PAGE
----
A few weeks back, while I was going about my usual weekend shopping for foodstuffs, I met this eloquent little girl of about twelve years old. As she attended to me on behalf of her mum – who was nowhere in sight, I was taken aback by her composure and strangely, her ability to speak fluent English. For a moment I wondered what her life was like. She obviously had attained a form of education – probably not the best but she did seem really smart.
It is not uncommon to find twelve-year olds’ who are grammatically proficient; however, this was a micro-market in front of a house that was in a very poor condition. In an area that would pass for a rural community within a semi-urban environment, I most definitely wasn’t expecting it. A part of me was moved into adopting her as a sister and ensuring that she received the best education, thus attaining the height of her potential. But, I wondered how many future leaders exist in much more impoverished parts of Africa.
I figured that there were probably a lot like her, stuck in this period, without too many opportunities for innovation. I mean, it is not that these kids are damned – a good number advance to becoming great men and women. In fact, albeit the poor economic and environmental conditions, some of these unique kids do not let their backgrounds define them. Truth be told, it was worse than it is now. Education, in whatever form, was once not just a luxury but almost a fable. Although the public educational system still has too many kids crammed up in classes, free education is a reality in many parts of Africa.
I, however, cannot help but wonder if the same was once the case of the developed western countries. Was there a time where American or Asian kids were stuck in a bubble of tortoise development of some sort? A time where the opportunities they have now were next to non-existent? Today, an average American teenager is much more enlightened and experienced than the average Nigerian teenager. Not because they were given more efficient brains, but because the environmental factors in place are entirely different. Formal and Informal education, growth and development, and a number of clear differences are responsible for this staggering gap.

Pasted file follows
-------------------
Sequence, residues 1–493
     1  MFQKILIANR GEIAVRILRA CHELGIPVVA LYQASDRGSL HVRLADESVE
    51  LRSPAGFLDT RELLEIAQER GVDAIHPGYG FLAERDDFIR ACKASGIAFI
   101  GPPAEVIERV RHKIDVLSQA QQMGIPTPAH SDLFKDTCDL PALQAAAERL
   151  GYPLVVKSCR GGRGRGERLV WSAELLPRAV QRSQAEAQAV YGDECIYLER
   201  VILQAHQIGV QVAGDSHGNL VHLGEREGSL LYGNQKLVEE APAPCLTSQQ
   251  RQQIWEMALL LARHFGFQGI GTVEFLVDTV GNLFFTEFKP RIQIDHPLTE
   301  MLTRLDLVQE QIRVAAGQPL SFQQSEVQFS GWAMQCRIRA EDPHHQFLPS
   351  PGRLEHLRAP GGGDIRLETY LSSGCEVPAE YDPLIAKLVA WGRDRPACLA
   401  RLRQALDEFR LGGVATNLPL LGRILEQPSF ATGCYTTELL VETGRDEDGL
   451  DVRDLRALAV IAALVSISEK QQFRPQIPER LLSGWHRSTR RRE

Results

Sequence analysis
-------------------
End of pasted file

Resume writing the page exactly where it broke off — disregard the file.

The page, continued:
Sound education is sadly not enough as starving children cannot read or write. Textbooks do not overrule the need for food and the availability of great teachers will not alter the poor standard of living of these kids – at least in the short run. What is required is really not a selection of a handful of chosen ones or more educational and welfare grants directed at deprived African children. There has to be a wake in the entire system that would force conscious actions of strategic development.
Sustainable measures need to be put in place so that the next hundred generations will be equipped with all that it takes to live beyond limitations. The entire continent depends on this; if not, whatever efforts at development – be it great roads or economic stability, will not stand the test of time. Our future leaders need to be equipped with the skills that will ultimately ensure that they are providers of employment.
Failure to tackle this deficit will deprive a whole generation the opportunities of ending poverty and suffering across Africa. We can only hope that those stuck in this time and age, will make the best out of the limited opportunities available. We would then wait for the day that African kids will have equal opportunities enough to face off those of the western societies, and eventually possess freedom of mind and character to live beyond boundaries.